When people say these books are children’s books, as if to demean them, I balk. These books dealt with themes that adults do not fully understand or wish to. It dealt with racism, classism, sexism, homophobia, prejudice, and general ignorance. These books taught us that it doesn’t matter how you were raised, but that you get to choose to be kind, loyal, brave, and true. They taught us to be strong under the pressures of this world and to hold fast to what we know to be right. These books taught me so much, they changed me as a person. So just because they’re set against a fantastical backdrop with young protagonists does not mean that their value is any less real.
First book: Starts with the double murder of a pair of twenty-one year olds who were much missed and leaving their baby son a war orphan. A child growing up in abusive conditions that would give Cinderella the horrors. Dealing with peers and teachers who are bullies. The fickleness of fame (from the darling of Gryffindor to the outcast.) The idea that there are things worth fighting and dying for, spoken by the child protagonist. Three children promptly acting on that willingness to sacrifice their lives, and two of them getting injured doing so.
Second book: The equivalent of racism with the pro-pureblood attitude. Plot driven by an eleven year old girl being groomed and then used by a charming, handsome older male. The imbalance of power and resultant abuse inherent in slavery. Fraud perpetuated by stealing something very intimate.
Third book: The equivalent of ableism with a decent, kind and competant adult being considered less than human because he has an illness that adversely affects his behaviour at certain times. A justice system that is the opposite of just. Promises of removing an abused child from the abusive environment can’t always be kept. The innocent suffer while the guilty thrive.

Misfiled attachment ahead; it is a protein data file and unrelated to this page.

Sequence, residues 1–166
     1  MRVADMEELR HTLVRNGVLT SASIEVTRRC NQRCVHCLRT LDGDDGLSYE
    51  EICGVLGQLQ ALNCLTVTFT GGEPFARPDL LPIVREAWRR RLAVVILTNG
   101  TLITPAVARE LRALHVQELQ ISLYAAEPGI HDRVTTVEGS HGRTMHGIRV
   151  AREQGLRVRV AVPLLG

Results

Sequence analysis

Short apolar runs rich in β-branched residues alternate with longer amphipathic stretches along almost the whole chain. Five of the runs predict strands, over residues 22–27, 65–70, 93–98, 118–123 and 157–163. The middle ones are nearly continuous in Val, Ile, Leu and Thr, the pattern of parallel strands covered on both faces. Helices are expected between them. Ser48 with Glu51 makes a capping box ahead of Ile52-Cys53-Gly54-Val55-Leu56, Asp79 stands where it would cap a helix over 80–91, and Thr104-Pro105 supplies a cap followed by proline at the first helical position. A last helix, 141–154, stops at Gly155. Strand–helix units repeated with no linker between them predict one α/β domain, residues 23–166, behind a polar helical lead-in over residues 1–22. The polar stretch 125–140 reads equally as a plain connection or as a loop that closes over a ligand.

Fouth book: More fickleness of fame. The privileged mistreating and undermining the underprivileged because they can. A master punishing a slave for his own misjudgment, and the slave blaming herself. A sports tournament which involves mortal risk being cheered by spectators. A wonderful young man being murdered simply because he was in the way. A young boy being tortured, humilated and nearly murdered.
Fifth book: PTSD in the teenage protagonist. Severe depression in the protagonist’s godfather, triggered by inherited mental health issues and being forced to stay in a house where abuse occured. A bigoted tyrant who lives to crush everyone under her heel, torturing a teenager for telling the truth in the name of the government (and trying to suck his soul out too). The discovery that your idols can have feet of clay after all. An effort to save the life of someone dear and precious actually costing that very same life. The loss of a father-figure and the resultant guilt.